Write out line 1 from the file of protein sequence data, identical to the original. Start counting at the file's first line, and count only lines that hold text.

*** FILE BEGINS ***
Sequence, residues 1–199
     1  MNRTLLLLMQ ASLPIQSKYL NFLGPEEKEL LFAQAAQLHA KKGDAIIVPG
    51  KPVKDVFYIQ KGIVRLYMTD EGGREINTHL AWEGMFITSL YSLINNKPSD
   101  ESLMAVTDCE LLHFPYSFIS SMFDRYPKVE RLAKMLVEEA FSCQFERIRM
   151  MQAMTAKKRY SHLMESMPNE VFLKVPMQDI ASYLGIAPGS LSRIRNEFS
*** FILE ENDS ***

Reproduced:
Sequence, residues 1–199